One of the greatest gifts that you can bring to your journal writing is your own inward permission to write freely.~Stephanie Dowrick
As I sit here and start to write these words, I feel a knot of tension in my solar plexus, and nudges of anxiety in my lower belly. Tuning my attention to the contents of the mind, I notice that I have certain expectations for this writing:
- That it be beautiful, inspiring and wise.
- That it be relevant and meaningful to others.
- That it not be too teacherly nor preacherly.
- That it not take me too long to write.
A few years ago, I attended a month-long meditation retreat, where one of the many things I learned was to notice how the body and mind reflect each other. When seen with kindness and compassion, this phenomenon (called by the Indian Pali name namarupa) offers us an opportunity to shift our experience.
Noticing the sensations in my body and the thoughts and beliefs in my mind, both point to a feeling of nervous anticipation. In becoming aware of how I am feeling right now, I also create the possibility for opening to something else. With awareness, I have a choice.
So how would I like to feel as I write this? That’s easy!! I would like to feel peaceful and relaxed!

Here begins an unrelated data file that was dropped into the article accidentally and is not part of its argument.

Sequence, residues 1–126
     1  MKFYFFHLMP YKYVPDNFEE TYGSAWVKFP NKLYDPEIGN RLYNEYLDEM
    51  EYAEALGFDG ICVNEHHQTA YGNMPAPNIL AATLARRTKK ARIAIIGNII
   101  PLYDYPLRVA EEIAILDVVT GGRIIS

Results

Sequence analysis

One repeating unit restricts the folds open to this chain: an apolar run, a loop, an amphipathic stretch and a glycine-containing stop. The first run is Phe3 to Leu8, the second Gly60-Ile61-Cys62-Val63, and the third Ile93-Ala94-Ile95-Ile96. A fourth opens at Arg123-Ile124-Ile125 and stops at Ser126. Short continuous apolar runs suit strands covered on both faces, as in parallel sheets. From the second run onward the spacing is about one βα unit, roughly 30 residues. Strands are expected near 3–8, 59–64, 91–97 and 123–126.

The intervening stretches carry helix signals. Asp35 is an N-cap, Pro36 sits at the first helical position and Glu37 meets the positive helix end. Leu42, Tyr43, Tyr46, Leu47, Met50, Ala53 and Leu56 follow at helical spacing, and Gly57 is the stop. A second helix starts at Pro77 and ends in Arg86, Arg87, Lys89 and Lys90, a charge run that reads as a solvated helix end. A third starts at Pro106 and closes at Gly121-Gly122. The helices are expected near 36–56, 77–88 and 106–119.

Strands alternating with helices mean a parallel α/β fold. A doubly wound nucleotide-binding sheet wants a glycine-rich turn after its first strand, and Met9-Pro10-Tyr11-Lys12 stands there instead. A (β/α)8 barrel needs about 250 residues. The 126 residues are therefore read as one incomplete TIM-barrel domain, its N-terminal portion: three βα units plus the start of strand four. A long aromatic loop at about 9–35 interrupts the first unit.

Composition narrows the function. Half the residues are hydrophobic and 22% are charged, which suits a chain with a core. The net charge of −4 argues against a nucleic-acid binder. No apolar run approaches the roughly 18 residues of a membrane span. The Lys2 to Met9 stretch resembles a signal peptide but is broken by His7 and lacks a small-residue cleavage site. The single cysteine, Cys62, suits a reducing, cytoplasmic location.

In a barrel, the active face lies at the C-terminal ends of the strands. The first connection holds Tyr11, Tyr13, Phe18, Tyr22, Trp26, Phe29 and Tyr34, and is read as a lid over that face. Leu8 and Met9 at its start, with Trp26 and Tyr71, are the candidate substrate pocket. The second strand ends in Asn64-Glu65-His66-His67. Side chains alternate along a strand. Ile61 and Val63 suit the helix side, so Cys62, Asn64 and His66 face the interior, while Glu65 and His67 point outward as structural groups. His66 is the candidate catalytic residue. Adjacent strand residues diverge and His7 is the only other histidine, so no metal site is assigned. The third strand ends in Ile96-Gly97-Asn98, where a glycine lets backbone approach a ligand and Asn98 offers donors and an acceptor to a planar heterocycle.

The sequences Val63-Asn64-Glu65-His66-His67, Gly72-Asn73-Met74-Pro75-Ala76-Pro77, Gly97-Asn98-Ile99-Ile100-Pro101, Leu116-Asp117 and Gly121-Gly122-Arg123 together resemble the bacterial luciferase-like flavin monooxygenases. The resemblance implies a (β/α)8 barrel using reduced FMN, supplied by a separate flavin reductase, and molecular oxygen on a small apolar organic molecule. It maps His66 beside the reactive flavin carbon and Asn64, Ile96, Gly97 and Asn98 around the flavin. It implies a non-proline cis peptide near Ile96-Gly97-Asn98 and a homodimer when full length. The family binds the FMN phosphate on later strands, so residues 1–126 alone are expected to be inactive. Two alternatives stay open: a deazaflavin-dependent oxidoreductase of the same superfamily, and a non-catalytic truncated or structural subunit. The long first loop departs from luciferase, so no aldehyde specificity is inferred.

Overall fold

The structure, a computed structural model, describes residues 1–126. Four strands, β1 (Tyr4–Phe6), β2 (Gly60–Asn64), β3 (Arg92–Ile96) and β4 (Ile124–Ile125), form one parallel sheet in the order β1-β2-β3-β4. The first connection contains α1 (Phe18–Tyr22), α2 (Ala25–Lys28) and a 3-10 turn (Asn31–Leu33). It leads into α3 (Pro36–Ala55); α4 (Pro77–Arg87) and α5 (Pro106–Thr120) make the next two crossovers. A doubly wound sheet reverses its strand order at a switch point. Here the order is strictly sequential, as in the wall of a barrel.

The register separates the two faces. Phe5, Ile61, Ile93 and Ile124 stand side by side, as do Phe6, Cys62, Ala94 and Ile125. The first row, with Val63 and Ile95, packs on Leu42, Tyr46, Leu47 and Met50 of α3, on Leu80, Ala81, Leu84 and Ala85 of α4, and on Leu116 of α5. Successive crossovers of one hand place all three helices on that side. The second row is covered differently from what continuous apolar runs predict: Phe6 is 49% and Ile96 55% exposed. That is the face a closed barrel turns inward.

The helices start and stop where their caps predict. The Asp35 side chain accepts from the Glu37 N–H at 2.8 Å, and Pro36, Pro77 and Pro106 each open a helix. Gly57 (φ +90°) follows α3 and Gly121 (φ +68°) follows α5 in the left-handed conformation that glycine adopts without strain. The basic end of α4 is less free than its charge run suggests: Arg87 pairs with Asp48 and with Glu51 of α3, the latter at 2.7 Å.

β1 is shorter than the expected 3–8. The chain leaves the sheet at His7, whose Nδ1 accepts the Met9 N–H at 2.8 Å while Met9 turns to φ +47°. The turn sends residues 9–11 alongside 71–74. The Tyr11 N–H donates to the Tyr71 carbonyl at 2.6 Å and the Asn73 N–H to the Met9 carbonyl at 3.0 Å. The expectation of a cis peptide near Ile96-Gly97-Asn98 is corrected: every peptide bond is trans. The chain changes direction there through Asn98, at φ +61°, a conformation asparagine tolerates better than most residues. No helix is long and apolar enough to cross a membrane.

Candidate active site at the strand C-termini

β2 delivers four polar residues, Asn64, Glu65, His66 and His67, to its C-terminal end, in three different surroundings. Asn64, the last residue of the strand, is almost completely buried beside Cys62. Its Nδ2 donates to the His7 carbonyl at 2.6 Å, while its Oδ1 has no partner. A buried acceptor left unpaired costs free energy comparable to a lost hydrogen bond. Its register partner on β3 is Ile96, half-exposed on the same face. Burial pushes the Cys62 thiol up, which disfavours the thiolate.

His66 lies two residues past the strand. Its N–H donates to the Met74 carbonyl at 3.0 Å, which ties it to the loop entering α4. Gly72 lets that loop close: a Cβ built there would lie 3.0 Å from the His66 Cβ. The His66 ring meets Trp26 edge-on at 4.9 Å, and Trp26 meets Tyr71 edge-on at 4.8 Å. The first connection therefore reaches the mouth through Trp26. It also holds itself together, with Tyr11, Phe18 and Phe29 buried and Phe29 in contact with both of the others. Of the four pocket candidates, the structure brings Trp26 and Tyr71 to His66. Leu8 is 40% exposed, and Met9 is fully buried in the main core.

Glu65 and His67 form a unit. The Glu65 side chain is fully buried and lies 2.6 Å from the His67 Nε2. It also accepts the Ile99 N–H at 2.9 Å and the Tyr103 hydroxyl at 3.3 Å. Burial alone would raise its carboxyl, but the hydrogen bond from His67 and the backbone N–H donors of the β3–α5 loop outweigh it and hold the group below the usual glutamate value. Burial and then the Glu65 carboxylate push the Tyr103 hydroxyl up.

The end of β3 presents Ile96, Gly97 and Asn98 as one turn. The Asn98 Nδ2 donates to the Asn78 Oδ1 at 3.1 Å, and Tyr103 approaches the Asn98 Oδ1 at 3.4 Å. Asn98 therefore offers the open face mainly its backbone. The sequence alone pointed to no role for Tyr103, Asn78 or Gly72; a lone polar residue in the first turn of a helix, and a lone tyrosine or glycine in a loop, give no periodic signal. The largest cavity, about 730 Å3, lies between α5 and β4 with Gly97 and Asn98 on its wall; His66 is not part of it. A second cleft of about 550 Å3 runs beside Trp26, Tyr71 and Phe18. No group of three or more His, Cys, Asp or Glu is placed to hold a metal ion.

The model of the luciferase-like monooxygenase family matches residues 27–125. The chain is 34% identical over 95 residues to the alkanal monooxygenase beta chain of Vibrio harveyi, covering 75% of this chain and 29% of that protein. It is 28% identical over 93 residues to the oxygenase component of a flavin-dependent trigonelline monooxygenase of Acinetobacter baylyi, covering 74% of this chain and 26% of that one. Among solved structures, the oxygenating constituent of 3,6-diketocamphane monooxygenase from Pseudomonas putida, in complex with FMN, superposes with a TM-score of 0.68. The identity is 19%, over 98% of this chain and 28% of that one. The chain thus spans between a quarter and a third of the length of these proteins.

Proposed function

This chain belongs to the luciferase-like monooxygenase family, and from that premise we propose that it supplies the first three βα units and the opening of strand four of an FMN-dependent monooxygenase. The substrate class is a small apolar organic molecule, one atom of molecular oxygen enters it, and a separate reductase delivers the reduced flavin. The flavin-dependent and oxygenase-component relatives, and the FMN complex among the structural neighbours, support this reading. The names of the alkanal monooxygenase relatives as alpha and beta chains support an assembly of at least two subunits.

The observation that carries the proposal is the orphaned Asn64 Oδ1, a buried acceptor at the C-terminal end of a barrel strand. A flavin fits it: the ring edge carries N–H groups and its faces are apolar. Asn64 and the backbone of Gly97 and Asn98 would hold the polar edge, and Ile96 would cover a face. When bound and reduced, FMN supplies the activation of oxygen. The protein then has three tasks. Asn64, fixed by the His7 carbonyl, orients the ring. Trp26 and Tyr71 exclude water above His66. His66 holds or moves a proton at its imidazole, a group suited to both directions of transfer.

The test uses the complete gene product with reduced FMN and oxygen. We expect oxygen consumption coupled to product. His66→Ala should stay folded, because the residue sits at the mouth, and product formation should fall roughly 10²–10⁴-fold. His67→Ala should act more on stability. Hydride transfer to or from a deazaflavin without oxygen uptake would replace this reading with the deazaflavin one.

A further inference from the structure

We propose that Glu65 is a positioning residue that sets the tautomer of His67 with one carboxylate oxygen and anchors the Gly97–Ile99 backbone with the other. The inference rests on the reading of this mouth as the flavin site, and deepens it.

Fortunately, through many years of writing practice I have learned how to create the conditions to side-step the pressure-full expectations that often come into play when I am writing. I do that by reminding myself to write as I would with a blank page in my journal.
Setting an intention to come to the page with a fresh and open mind, I put my fingers to the keyboard and let it flow, following my mind and heart wherever they take me.
The first of the four practices of Writing Alone Together,
the essence of writing freely is to follow one’s own impulses and put down whatever comes. We start with a word, phrase, memory, image, question, quote, feeling or body sensation. There are hundreds of ways to come to the page. The point is to start writing and keep writing, returning to the page again and again.
When we write with this kind of openness and freedom, the writing “writes” itself. You just keep putting one word after the other, like you would do in a verbal conversation, except that this conversation is happening with yourself. And in this self-to-self conversation, you get to follow the contours and nuances of your mind, making connections between words, sounds, thoughts, memories and sensations.